That creates the conept of winners and losers and a tax cut for someone you eprceiv as wealthier than you is never popular.


There is also the embedded belief that many life choices come with some sort of need and right, as witnessed by some Syncs comments - for exmaple, if I go to university (and benefit from subsidised education) I have a "need" for more tax consessions. Simlarly if I chose to be a "single parent" (an absurdity because there is always two parents) I have a need to be a special case.
 

Spanner Island

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Feb 22, 2011
Messages
24,203
Income tax and VAT with multiple levels of each and a maximum of 50% on income.

No government anywhere should believe it has any right to take more than 50% of anyone's income regardless of how much they make or how rich they are... imo.

Income tax should also be imposed on global earnings as it is in America. All tax avoidance loopholes should be closed with stiff and unambiguous penalties imposed on those who cheat the system...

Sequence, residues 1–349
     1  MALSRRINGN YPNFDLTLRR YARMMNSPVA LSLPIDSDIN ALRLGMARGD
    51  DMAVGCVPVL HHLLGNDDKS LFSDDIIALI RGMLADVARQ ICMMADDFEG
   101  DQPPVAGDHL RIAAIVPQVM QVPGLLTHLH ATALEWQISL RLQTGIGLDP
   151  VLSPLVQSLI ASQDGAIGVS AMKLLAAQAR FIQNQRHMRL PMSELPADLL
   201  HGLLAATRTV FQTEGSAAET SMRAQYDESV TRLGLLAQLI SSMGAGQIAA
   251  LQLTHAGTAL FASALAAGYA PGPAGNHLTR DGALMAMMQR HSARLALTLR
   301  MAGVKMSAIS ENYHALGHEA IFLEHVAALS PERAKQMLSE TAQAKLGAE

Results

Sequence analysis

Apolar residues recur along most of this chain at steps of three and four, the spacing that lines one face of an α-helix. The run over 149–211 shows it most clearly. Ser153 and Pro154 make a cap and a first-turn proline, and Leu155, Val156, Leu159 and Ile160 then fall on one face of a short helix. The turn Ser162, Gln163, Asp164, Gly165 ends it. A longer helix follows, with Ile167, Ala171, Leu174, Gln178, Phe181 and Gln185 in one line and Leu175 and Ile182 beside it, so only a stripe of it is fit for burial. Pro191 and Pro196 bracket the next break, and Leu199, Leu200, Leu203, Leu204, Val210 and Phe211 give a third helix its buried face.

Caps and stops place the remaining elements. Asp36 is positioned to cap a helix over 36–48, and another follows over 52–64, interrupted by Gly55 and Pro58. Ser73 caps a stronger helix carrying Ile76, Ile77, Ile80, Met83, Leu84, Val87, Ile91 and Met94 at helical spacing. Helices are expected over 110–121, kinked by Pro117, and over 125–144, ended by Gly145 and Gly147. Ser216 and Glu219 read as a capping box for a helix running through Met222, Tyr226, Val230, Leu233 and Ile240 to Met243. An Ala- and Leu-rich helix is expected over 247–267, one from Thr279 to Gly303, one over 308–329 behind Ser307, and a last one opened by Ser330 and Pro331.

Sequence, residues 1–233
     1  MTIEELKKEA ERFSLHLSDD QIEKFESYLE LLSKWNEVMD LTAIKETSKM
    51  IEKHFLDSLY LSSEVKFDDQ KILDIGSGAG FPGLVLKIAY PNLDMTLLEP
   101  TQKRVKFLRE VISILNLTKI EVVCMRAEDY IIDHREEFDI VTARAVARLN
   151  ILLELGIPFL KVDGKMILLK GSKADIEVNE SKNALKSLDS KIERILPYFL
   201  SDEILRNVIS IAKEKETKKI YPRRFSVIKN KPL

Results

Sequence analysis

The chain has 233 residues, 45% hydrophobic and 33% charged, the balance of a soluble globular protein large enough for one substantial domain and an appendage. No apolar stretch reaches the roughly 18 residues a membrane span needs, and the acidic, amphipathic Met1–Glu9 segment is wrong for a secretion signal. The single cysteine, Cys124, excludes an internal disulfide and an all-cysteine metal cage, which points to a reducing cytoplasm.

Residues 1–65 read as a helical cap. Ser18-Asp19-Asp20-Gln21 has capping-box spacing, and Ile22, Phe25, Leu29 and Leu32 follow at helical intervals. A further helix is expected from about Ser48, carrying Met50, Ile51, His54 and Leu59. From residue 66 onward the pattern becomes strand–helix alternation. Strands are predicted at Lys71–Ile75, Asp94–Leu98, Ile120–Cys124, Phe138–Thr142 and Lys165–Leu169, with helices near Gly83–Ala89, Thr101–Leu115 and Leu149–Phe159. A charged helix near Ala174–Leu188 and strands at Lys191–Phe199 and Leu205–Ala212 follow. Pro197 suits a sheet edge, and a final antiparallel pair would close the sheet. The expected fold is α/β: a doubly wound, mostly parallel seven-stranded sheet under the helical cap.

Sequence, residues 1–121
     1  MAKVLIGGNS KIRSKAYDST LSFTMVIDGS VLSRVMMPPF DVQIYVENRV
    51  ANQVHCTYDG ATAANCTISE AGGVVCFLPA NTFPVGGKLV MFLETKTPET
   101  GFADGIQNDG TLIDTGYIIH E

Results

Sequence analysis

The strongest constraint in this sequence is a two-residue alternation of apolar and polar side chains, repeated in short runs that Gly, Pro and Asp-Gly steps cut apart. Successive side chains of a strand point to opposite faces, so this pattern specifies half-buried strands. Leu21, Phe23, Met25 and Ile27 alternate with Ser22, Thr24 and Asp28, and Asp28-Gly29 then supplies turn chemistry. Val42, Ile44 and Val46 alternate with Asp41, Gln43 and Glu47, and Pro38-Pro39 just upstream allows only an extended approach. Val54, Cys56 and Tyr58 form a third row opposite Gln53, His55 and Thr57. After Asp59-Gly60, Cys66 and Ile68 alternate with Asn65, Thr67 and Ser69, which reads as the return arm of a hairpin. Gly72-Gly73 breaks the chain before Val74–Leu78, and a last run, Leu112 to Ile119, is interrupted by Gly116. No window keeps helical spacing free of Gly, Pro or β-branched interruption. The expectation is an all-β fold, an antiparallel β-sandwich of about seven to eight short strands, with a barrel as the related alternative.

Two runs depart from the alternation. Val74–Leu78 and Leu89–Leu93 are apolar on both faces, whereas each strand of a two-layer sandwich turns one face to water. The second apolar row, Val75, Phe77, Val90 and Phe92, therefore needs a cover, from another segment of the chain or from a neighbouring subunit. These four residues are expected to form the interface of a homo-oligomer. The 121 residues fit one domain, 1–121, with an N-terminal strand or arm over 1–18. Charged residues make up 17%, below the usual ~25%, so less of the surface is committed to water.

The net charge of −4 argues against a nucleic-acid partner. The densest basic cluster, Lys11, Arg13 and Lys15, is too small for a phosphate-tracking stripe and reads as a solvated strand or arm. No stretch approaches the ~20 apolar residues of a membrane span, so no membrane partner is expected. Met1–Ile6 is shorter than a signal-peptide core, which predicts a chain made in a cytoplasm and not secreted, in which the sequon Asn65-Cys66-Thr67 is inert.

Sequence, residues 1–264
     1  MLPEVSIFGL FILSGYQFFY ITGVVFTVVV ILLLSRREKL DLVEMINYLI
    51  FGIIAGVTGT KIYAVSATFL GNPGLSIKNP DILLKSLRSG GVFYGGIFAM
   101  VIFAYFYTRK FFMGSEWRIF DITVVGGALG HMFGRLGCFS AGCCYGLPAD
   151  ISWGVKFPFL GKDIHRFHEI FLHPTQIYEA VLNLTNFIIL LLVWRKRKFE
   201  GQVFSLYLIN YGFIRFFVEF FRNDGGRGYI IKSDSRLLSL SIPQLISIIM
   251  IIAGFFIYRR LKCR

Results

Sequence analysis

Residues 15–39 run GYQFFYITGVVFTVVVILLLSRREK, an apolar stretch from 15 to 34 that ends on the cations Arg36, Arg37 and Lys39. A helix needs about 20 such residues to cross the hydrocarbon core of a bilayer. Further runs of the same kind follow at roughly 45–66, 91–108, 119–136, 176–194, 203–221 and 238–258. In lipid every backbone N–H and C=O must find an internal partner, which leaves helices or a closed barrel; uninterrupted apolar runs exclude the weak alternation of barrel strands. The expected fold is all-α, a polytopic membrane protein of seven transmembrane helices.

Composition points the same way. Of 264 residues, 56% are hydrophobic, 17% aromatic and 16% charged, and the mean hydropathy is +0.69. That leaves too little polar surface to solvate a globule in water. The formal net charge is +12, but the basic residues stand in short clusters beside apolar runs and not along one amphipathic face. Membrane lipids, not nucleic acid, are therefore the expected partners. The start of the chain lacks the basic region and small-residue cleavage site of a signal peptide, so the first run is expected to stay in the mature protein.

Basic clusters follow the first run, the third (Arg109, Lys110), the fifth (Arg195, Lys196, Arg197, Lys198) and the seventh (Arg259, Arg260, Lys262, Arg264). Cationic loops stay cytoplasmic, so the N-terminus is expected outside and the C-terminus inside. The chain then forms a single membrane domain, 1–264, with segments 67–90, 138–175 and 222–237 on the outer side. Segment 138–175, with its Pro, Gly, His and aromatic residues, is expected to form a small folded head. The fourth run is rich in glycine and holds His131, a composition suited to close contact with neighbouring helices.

If you earn money you pay tax and you pay your fair share. Simple as.


Regarding VAT I'd be in favour of multiple VAT bands based on whether goods and services are necessities or luxuries etc... e.g. 1% on necessities like bread and milk etc. right up to 100% on things like Rolex watches or Ferrari cars etc.

All other taxes should be abolished imo, including corporation tax... with the ultimate goal being to minimise the tax burden on everyone as much as possible while extracting as much 'bang for our buck' as possible from those taxes that are collected...

The tax system needs to be stripped down and made very simple...

Will this happen?

Doubt it... cos just like the 'War on Drugs' and 'War on Terror' etc., there are now far too many vested interests whose livelihoods depend on it remaining as complex and full of loopholes as it is now...

And so the scam goes on... tax 'experts' are brought in by useless Governments to 'advise' and help construct the tax mess and then those same 'experts' head off to charge their clients fortunes in order to enable them to avoid the loopholes the 'experts' have helped build into the system...
 

Clanrickard

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Joined
Apr 25, 2008
Messages
33,054
.

No government anywhere should believe it has any right to take more than 50% of anyone's income regardless of how much they make or how rich they are... imo.

Income tax should also be imposed on global earnings as it is in America. All tax avoidance loopholes should be closed with stiff and unambiguous penalties imposed on those who cheat the system...

If you earn money you pay tax and you pay your fair share. Simple as.